Mercedes-Benz and Aufrecht, Melcher and Grossaspach – better known to the world as AMG – have always been curious bedfellows. One is conservative and mild-mannered, the other rebellious and hedonistic. Whereas BMW M and Audi Sport feel broadly aligned with their respective parents, AMG drifts off on a tyre-smoking tangent.
The SL has traditionally been a very ‘Mercedes-Benz’ sort of sports car. Picture the original 190 SL of 1955 (like a Gullwing minus the doors), the beautiful ‘Pagoda’ model that followed, Bobby Ewing’s scene-stealing 450 SL in Dallas or the crisply elegant ‘R129’ SL of 1989.
Now, as this most glamorous and distinguished roadster nears its 70th anniversary, AMG has gatecrashed the cocktail party. Uh-oh…
Brawn to be wild
There have been AMG versions of the SL before, of course, but this is the first version developed entirely in Affalterbach. Contrary to rumours, it doesn’t also replace the AMG GT – which returns in coupe-only format later this year – but it does channel some of its chutzpah. You sense the Porsche 911 Cabriolet is firmly in AMG’s crosshairs.
Topping the range is the 585hp SL 63 – yours for a somewhat alarming £176,000. Next up is the SL 55, which uses a 476hp version of the same 4.0-litre twin-turbo V8 and costs a smidge over £147,000. Then there is the entry-level SL 43, with a 381hp four-cylinder engine and a projected price tag of £110,000. It’s the middle-ranking SL 55 we’re driving here.
In the metal (largely aluminium, although it still weighs a portly 1,870kg), the new SL looks every inch the AMG muscle car, with a broad grille, power-bulged bonnet and purposefully squat stance. I suspect it won’t age as gracefully as its ancestors, but it certainly has plenty of presence.
While the previous two generations of SL had folding hard-top roofs, this ‘R232’ model reverts to a fabric soft-top. It’s also the first SL with two rear seats as standard, although my eight-year-old whinged about the bolt-upright backrests and Ryanair levels of legroom. Best to treat them as extra luggage space, I think, to supplement the modest 240-litre boot (213 litres with the roof stowed).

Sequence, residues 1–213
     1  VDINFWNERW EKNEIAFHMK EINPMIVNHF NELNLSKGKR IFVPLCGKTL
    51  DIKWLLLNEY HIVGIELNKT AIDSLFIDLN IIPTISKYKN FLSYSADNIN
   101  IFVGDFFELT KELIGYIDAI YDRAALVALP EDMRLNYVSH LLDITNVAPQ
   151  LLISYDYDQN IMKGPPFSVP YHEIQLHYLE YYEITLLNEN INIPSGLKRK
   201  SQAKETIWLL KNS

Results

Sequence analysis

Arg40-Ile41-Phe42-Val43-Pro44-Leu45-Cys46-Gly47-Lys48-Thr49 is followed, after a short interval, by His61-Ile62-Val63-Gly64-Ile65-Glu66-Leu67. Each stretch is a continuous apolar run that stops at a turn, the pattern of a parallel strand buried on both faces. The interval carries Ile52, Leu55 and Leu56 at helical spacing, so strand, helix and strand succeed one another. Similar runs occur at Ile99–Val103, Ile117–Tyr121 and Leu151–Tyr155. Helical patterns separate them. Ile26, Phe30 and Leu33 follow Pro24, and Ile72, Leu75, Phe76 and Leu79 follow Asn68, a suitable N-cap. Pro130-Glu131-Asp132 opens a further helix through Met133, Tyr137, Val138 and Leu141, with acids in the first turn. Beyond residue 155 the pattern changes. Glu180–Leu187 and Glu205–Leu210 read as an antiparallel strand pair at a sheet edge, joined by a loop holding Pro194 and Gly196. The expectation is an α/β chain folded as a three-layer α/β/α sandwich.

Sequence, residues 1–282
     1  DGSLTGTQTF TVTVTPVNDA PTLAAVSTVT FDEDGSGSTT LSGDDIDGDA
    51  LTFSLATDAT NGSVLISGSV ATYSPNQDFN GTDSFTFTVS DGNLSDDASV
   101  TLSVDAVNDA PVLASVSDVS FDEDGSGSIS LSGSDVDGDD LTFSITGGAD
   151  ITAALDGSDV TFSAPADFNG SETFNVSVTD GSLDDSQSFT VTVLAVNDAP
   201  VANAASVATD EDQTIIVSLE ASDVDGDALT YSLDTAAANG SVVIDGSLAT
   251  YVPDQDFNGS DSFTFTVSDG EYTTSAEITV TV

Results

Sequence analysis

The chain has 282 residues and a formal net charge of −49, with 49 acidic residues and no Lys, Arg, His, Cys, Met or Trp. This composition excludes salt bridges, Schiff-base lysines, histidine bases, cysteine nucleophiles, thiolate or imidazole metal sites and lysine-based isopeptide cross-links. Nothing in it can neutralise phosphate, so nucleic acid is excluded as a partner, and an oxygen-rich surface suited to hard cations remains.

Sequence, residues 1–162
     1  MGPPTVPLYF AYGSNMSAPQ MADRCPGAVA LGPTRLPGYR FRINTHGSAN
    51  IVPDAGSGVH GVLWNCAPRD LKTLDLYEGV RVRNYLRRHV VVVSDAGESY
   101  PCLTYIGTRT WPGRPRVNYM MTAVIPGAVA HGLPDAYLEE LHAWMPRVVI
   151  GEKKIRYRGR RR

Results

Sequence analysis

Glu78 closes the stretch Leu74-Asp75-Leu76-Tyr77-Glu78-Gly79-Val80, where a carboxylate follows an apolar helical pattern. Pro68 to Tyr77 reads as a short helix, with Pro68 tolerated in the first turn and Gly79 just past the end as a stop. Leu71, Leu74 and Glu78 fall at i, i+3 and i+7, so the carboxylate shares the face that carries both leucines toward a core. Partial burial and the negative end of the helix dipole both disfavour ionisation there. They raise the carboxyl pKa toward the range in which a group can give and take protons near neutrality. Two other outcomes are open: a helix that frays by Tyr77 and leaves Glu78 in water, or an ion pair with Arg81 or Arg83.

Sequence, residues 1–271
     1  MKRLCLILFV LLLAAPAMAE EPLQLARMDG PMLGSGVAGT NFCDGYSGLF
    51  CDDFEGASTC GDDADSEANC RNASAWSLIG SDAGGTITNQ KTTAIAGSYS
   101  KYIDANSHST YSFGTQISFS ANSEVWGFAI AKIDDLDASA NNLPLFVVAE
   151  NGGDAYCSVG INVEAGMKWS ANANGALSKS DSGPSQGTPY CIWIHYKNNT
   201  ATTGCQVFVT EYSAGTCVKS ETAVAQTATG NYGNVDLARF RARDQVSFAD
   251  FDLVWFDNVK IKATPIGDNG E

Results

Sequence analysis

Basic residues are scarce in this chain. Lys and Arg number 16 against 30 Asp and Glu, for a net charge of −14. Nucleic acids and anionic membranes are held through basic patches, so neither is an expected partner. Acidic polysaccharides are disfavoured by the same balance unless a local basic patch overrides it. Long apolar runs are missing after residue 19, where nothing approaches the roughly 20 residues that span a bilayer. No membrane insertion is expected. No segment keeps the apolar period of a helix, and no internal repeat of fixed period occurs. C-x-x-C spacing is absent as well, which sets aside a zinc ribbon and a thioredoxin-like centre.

When it came to the SL’s glitzy, tech-laden dashboard, however, young Jessica was robustly in favour, while her dad felt slightly overwhelmed by it all. A giant central touchscreen adjusts its position to be more readable in bright sunshine, and multi-colour ambient lighting makes the cabin feel genuinely futuristic at night. Call me old-fashioned, though (and she did) but I really don’t need a car to wish me Happy Valentine’s Day – complete with showers of pink cartoon hearts. Bah, humbug.
Fire up the engine and you’re rewarded with AMG’s signature Sturm und Drang. A menacing V8 backbeat is overlaid with a metallic rasp as the revs soar, the four square tailpipes detonating with gratuitous glee. It’s a bit childish, perhaps even anti-social, but it can’t fail to make you smile.
Heart of the matter
With similar power and performance to a 911 GTS, the SL 55 isn’t supercar-quick. However, a brawny 516lb ft of torque, on tap from just 2,000rpm, means you never feel short-changed on the road. Factor in four-wheel drive, a nine-speed auto gearbox and stability-enhancing rear-wheel steering, and the result is confident and very rapid progress.
Where the SL does trail the sports car from the far side of Stuttgart is in terms of engagement. Its steering feels oddly artificial and no amount of electronics can entirely mask all that weight. Then again, not everyone wants to drive like their pants are on fire, and the SL still does the long-striding, luxurious GT thing very well.
Overall, the Mercedes-AMG SL is an easy car to admire, but a harder one to love – no matter how many hearts it tries to woo me with.
Tim Pitt writes for Motoring Research
TOP SPEED: 183mph
FUEL ECONOMY: 21.9mpg
CO2 EMISSIONS: 292g/km